Recent Regulation

In the last several years, major regulation, such as the Sarbanes-Oxley Act of 2002 and the Dodd-Frank Wall Street Reform and Consumer Protection Act of 2010, has typically been passed in response to a scandal, such as the Enron scandal and the Wall Street meltdown. The exception to this is clearly the Affordable Care Act, which was passed not in response to a specific scandal, but in an attempt to combat rising costs of insurance and numbers of uninsured Americans. Regulations are considered “major” when they are expected to cost the economy $100 million or more annually.

Each of these three acts call for increased regulation of an industry and either create a new regulatory agency or grant additional power to an existing agency in order to enforce the law.

Each Act’s Constitutional authority has had pages of ink devoted to it, and that’s a debate for another day.



However, all have costs tied into their enforcement and regulation; with these regulatory bodies creating what some have referred to as a fourth branch of the government. Indeed the costs are high. In quantifying the costs of U.S. regulation, Wayne Crews, the Vice President of Libertarian think tank CEI, claims:

If it were a country, US regulation would be the world’s tenth-largest economy, ranking behind Russia and ahead of India.”

Those are big numbers and can be difficult to envision, since they seem so abstract. A trillion here, a billion there - what does that look like in terms of specific regulation costs?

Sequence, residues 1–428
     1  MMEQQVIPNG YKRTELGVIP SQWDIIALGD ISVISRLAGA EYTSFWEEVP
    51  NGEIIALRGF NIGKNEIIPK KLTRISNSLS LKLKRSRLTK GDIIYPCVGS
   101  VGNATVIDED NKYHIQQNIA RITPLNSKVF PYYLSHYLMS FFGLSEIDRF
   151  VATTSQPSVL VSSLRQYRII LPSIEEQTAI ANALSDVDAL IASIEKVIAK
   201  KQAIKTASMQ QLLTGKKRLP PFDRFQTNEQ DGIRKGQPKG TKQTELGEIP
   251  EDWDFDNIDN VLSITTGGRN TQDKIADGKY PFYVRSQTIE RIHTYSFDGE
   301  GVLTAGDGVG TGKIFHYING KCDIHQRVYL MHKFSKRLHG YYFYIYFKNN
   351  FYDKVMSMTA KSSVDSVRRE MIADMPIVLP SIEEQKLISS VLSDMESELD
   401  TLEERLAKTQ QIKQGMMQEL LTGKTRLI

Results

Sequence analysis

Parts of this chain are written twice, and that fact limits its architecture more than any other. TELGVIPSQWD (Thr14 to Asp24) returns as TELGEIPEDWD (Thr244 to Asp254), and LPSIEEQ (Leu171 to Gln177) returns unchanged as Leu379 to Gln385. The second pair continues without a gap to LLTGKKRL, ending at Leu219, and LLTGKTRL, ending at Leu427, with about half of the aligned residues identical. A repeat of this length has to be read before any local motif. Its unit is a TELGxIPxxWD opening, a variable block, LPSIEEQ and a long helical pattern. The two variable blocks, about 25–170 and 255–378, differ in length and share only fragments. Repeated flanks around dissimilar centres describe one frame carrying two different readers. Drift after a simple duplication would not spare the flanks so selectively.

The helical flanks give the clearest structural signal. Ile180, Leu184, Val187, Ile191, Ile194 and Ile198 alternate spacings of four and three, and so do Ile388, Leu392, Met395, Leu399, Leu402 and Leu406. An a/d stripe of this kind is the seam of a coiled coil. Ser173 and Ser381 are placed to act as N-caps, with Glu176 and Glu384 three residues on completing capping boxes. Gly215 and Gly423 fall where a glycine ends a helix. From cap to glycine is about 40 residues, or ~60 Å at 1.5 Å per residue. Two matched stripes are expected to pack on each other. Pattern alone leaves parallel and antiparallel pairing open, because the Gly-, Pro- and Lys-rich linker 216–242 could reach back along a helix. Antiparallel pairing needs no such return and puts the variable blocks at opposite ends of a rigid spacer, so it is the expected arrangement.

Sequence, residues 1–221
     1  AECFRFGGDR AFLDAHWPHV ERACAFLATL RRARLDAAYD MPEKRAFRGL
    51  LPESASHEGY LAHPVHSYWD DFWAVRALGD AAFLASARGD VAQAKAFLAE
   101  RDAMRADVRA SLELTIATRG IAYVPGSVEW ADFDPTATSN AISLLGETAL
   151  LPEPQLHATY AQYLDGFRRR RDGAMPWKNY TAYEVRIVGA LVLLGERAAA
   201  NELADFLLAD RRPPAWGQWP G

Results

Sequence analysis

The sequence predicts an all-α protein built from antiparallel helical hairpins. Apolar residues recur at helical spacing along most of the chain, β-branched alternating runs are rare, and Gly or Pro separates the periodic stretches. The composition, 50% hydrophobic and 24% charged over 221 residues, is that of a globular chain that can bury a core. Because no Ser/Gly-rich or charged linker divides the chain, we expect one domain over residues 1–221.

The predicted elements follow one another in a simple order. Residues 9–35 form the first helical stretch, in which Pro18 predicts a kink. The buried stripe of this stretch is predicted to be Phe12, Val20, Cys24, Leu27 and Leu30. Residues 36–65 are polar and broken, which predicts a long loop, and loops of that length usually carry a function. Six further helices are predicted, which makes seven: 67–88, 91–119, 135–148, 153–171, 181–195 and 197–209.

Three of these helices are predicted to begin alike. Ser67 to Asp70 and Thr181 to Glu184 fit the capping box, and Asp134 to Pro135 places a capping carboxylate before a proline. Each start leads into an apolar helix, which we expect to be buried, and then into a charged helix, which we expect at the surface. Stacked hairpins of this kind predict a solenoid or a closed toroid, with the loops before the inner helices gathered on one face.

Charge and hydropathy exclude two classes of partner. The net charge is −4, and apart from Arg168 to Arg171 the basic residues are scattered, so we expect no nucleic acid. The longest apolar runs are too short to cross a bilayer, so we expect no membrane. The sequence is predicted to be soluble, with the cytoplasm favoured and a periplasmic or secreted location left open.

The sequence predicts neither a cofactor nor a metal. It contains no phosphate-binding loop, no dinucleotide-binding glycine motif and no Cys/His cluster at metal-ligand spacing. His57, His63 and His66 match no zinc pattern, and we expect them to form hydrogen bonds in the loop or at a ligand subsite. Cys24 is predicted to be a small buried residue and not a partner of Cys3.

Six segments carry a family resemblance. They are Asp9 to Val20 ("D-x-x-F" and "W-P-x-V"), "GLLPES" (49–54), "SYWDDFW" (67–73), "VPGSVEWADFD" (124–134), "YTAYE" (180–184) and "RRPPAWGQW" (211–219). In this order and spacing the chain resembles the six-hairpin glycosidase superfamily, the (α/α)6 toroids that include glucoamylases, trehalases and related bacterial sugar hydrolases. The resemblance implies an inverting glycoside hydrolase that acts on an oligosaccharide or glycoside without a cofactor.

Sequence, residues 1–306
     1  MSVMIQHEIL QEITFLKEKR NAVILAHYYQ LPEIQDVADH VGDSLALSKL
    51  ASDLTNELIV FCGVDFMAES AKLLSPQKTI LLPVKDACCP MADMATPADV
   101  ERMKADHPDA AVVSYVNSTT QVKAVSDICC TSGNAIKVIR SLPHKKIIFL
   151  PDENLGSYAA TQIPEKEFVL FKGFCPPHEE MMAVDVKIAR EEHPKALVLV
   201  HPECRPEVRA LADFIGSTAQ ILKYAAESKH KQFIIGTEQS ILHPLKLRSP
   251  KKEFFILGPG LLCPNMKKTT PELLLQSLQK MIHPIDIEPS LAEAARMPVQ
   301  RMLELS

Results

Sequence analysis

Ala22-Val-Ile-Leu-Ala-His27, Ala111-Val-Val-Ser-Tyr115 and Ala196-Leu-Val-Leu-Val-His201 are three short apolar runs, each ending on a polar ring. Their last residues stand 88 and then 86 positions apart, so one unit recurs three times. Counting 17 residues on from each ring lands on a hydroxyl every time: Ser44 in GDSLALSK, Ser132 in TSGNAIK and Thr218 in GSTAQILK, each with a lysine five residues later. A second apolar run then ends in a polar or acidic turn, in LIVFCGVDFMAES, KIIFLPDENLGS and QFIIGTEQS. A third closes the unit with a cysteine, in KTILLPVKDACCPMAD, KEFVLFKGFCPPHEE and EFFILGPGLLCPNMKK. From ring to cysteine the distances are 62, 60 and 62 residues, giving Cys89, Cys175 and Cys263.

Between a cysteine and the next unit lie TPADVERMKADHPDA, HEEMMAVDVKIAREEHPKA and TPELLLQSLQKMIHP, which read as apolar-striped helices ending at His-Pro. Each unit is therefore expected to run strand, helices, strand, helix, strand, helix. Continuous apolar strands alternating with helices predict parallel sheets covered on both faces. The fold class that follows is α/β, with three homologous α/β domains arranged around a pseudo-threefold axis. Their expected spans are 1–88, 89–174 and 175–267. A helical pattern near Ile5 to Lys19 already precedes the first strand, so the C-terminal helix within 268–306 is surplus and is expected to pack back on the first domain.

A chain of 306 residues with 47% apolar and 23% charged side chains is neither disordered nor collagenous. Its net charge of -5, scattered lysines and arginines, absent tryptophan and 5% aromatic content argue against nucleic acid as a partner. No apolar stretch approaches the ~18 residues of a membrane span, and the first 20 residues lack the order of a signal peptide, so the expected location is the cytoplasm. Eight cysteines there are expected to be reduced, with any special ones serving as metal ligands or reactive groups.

Housing Crisis

In the early 2000s, high-risk mortgages became readily available to many consumers. In many cases, these mortgages were approved with little financial documentation, to borrowers with poor credit and who had little ability to repay the loans.

At the same time, because housing values were rising, there was a false sense of security that housing values would always rise, and many people were pulling equity out of their homes. Some of this equity was pulled out for traditional reasons, but much was also pulled out in order to maintain a standard of living at a time when wages were not keeping up. Human greed, both on the parts of bankers and individual homeowners, played a part in these conditions.



In 2007, the mortgage bubble burst and the US economy entered a mortgage crisis that caused financial turmoil for the rest of the economy, and indeed, economies around the world. The mortgage crisis kicked off a recession that officially lasted until June of 2009, though effects are still being felt. Foreclosure rates skyrocketed, the US economy lost 8.4 million jobs, and many lost any personal wealth or savings accumulated.


Enter the  Dodd-Frank Wall Street Reform and Consumer Protection Act of 2010. In July of 2010, the Act was signed into law, with 8-major parts of regulation, mostly related to banking and mortgage regulation, but also including some insurance and credit rating organizations.

There were several regulatory bodies created within the Act, including (but not limited to):